4. Thanks for dropping in, Nancy. There are a lot of spots around here I think would be vastly improved by the addition of 3 inches of mulch. I'm not sure why I see mulch and it looks more finished to me but it is what it is. I am impressed you are putting that nursery trip off and believe you to be wise to do so. I made one trip already and am already regretting having to lug water from the rain barrels to help wean those water greedy plant babies away from the every day drinks they got used to at the nursery. Can I get a second for my motion of "No more 90 degree days!"?

  5. Hi Texas Deb,

    My garden is so small I ran in and out to the shady areas all summer long to weed, cut back and water for a half-an-hour at a time. As a result, the shadier places look pretty good now, especially after the rain, and the sunny spots do not!

    Isn't there some saying about "She who hides in shade all day lives to weed another day"?

    Annie at the Transplantable Rose

  6. Annie - I can think of a lot of adjectives for your gorgeous spaces but "small" doesn't leap to the forefront.

    If that "She who hides" isn't already a saying then high time we made it one.

    Now if we can find somebody to cross-stitch that into a pillow for all Texas Gardening Gals? I'll be too busy pulling weeds (plus I stink at stitchery!).

  7. Hi Tex Deb, All of my summer gardening revolved around just keeping the plants alive, so pruning, weeding, and anything else was left by the wayside. There's no way I could judge you with the log I have in my gardener's eye. Now that it's cooled down (even though I knew the answer before I asked), I called John Dromgoule on the radio gardening talk show to ask if I could still prune some stuff. He said "no" so I'm off the hook sorta' till next spring, but my garden looks awful. Don't feel bad that you weren't out there.--Heat exhaustion & heat stroke stood outside every gardener's door this summer. Laura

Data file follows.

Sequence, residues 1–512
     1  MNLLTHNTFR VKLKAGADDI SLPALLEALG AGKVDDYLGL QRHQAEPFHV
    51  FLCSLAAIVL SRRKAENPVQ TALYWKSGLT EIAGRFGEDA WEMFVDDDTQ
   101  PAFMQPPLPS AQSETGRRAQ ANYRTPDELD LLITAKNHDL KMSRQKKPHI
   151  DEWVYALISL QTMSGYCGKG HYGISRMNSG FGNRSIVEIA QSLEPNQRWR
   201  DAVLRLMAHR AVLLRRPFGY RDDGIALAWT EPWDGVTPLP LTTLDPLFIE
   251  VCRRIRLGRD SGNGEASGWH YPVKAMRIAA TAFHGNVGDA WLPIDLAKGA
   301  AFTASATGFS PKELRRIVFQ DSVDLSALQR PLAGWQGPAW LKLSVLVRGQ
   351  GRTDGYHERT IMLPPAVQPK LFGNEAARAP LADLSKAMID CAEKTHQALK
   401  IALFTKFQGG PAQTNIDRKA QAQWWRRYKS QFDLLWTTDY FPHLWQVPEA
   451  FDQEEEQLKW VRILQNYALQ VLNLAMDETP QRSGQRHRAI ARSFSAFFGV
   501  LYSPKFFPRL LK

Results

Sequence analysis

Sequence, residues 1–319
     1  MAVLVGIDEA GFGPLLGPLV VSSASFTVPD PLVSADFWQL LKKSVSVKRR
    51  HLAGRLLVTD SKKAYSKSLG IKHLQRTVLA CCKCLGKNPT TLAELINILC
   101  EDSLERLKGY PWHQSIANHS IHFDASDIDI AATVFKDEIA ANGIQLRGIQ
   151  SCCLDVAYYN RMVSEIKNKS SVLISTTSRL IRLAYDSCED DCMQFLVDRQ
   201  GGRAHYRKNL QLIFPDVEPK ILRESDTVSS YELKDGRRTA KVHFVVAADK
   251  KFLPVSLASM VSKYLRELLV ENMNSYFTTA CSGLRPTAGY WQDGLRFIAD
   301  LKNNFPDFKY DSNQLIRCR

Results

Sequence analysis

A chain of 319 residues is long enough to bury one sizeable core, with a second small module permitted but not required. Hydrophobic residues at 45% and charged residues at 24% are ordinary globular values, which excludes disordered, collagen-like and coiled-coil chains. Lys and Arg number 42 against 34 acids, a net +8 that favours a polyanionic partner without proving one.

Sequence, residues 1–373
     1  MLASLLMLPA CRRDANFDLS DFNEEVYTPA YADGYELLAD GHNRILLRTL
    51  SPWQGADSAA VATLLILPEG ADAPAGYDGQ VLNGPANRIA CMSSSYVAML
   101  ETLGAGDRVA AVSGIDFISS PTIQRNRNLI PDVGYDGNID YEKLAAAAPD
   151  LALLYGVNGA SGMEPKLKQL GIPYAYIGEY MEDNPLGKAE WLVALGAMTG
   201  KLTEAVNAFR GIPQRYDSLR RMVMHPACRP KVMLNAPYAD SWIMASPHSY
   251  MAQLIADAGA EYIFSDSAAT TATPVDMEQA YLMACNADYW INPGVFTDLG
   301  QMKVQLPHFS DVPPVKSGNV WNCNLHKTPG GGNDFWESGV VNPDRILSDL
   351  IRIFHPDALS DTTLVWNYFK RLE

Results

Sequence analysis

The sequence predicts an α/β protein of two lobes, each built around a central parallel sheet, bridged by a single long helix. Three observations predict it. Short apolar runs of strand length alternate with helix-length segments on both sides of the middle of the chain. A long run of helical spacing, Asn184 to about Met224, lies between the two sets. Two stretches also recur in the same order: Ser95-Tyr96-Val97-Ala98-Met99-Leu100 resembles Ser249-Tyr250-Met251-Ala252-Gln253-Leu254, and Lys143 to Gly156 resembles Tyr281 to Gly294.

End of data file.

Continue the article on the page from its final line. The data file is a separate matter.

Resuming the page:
8. Oh yes. Overwhelmed = stay inside and fret. Right now I have a bed (that never got finished before the hell summer hit)being overtaken by bermuda grass. Again. Sigh. I should be out there right now.
    Your garden looks lovely and lush.

  9. Laura - good to have you here and thanks for the reminder that there are indeed some serious consequences to working in the kind of heat we had earlier this year. I'm growing my hair out, I think of it the same way when I don't get a plant pruned and have to wait a season.

    Curious - I spotted a section of fully developed Bermuda seedheads sneering at me that I won't get to in this weekend's rain. That'll be a bazillion more strands to try and pull out in my future for sure. The lush garden is an optical illusion created by judicious cropping.

    I love the shots of your spaces on your blog. The young (and young at heart) in your neighborhood are lucky to have you there. Pan, mini-globes, Peter Pan functioning as OnStar with your eave statement, cut-out fence.... I love it all.


About Me

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Rollingwood, Central Texas
Family historian by default. Oldest surviving matriarch on my branch of the Family Tree. Story teller, photo taker, gardener, cook, blabbermouth.